It is an absolute joy to eat in Madrid thanks to the wonderful range of restaurants available. As well as typical Spanish eateries there are hundreds of restaurants representing culinary specialities from all over the world. The South American influence is strong and some of the city’s Argentinian restaurants are phenomenal but Asian cuisine is also well represented. You will also find a large range of prices in Madrid’s restaurants allowing dining out to be affordable to most visitors irrespective of their budget. Here are a few recommendations.
Address: c/de los Cuchilleros, 17
Referred to in Hemingway’s ‘For Whom The Bell Tolls’ as the greatest restaurant in the world! Maybe not that good, but this restaurant dating back to 1725 is a great place to go for traditional roast lamb or roast suckling pig. Popular with both tourists and locals. Menu is in English. Book in advance.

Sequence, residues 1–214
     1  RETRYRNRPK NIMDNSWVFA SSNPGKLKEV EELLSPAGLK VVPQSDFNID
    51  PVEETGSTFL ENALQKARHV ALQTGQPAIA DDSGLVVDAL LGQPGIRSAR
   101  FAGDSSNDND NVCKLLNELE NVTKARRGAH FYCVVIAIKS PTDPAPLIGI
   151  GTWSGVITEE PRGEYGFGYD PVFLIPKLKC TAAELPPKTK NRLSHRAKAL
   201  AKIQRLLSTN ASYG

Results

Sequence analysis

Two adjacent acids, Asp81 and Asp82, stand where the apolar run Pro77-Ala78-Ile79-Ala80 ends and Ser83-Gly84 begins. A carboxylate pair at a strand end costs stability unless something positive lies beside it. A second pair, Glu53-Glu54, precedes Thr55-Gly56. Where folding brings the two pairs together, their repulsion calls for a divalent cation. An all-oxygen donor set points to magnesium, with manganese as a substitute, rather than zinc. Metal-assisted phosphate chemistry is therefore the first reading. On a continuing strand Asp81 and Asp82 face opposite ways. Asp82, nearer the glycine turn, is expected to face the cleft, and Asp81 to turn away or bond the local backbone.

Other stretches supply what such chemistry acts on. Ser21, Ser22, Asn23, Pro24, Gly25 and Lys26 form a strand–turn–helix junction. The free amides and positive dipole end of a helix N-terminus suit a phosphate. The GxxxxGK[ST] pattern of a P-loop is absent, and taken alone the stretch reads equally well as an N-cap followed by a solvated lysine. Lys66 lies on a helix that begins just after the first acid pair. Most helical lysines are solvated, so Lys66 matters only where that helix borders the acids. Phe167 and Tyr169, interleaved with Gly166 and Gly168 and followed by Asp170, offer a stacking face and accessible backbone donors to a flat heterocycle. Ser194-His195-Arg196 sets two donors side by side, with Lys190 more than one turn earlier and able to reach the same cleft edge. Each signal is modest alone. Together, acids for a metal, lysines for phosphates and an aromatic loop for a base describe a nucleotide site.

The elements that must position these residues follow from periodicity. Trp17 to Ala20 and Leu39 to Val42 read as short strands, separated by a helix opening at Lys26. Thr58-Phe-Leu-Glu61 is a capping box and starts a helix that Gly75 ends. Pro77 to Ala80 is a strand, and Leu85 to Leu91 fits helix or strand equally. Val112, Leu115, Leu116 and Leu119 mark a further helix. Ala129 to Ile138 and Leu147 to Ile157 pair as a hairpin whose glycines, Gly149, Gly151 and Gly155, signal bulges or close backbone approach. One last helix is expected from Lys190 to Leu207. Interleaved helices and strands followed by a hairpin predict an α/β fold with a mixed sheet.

Address: c/Moratín, 22
This delightful champagnerie specialises in paellas and fideuas (a noodle equivalent). There are 14 of each to choose from, including vegetarian options. Make sure to get a seat in the back of the building, a glass-covered patio full of plants. There is no restaurant service on Fridays and Saturdays as the entire space is given over to the bar. A great place for Sunday lunch though booking is recommended as it’s very popular.
Posada de la Villa
Address: Cava Baja, 9
The most picturesque of Madrid’s old traditional inns serving traditional Madrileño classics such as cocido (a heavy stew of noodles, vegetables and meats, the broth and noodles are served separately as a first course), wood-roast lamb and suckling pig. Closed in August.
Address: Plaza de la Marina Española, 1
Eternally popular meat eater’s restaurant. The main dish is beef which has been seared which you cook yourself on a hotplate in front of you. It comes served with potatoes.
Address: Paseo de la Florida, 2
Not a choice for the evening, but if you take a lunchtime stroll out to the west of the city this cheap and cheerful Asturian cider-house is well worth a stop. The restaurant opened in 1910 and continues to churn out little more than roast chicken with salad washed down with natural cider. Popular with students and difficult to get a table though you can get a takeaway and head into the nearby Casa de Campo.